Reference material is another part that is difficult for me. Even though I have books and can search the internet, seeing the real deal up close sure makes a difference when having to make something from scratch. Finding an item close to home that I can go look at is difficult or impossible. Sometimes I'll buy a 1/35 model to use as a reference, but if it's poorly made, then how do I even know what I'm looking at? A blob of plastic in 1/35 is just a bigger blob of plastic in 1/6, unless the detail is there.


    In 1/6 scale everything takes more. Paint, glue, space, and weight come into play.


    Not too long ago I built a Fw 190 cockpit, don't have the space to build the entire fuselage. My next effort will be to build the cockpit/crew nacelle for a Fw 189. Just this part will be approximately 40" long!!!

  8. Brandon,

    LOL, I should have known that. Sometimes I don't see the obvious (forest for the trees thing).


    Here's a photo of a trailer I found on the internet, but I can't relocate the website I found it on (they also had a Navy MKIV trailer in their photos). It could very well be someone on this forum so please forgive me for not giving credit for the photo:




    I'd like to find the dimensions of this trailer if possible.

  9. Thanks guys! Looks like the M5 trailer is the one I was thinking of, but it looks wider than I pictured. I recall seeing a line of trailers being pulled behind a vehicle and it appeared they were carrying a single bomb (therefore narrower, noy much wider than the bomb), but it may have been the angle of the photo or it may have been a RAF bomb trailer in use by the USAAF. I'll check all those links out too!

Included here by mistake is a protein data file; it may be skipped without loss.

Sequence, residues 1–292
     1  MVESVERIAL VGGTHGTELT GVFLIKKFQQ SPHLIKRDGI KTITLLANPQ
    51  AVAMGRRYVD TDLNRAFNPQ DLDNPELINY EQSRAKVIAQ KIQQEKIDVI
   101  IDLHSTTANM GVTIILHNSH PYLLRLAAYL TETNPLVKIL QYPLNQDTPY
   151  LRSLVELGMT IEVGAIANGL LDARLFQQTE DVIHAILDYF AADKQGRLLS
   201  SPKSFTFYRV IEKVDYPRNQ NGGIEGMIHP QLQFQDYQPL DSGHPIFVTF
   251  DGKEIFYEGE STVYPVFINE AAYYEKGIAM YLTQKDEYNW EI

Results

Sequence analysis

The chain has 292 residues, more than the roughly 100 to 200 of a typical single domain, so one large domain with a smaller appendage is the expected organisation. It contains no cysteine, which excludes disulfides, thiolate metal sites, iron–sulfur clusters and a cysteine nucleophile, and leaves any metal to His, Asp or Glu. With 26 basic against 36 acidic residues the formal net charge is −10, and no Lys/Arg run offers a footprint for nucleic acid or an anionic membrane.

Thanks again,


  10. I'm looking for any information on the trailers they use to pull the bomb loads up to the aircraft. I've seen pictures of several of them hooked togehter behind a tractor or jeep.


    Nomenclature, drawings, whatever I can find. I've tried to search the internet but if you don't know what it's called to begin with it's hard to get good data.




  11. Have any of you who have read this book also read "Flying Fortress" by Edward Jablonski (copyright 1965)? If so, how do they compare? Flying Fortress was an overall of the B-17 and the USAAF, with detailed attention to the 8th AF (in particular Robert Rosenthal). I have probably read parts of this book hundreds of times and if Masters of the Air is anything like Flying Fortress it is a must have!

  12. I'm sure nost of you know more about this than I ever will, but let me ask this:


    You say they replaced the camo HBTs after being worn from July to August 1944, after they were "worn out".


    Does that mean the camo HBT uniform wore out faster than the regular uniform that was worn by everyone else? Was the HBT material that much less durable? Did they replace the regular uniform every 2-3 months, as is suggested they did with the HBTs? I've read that a lot of soldiers wore the same uniform longer than 2-3 months, and without ever taking a bath!!! Was a small group of soldiers harder on their camo HBTs than the rest of the entire army was on their regular uniforms.


    I guess what I'm saying is...IF they replaced the regular uniform within 2-3 months of issue (due to wear) then I can accept the theory they replaced the camo HBT within 2-3 months of it being issued also (due to wear).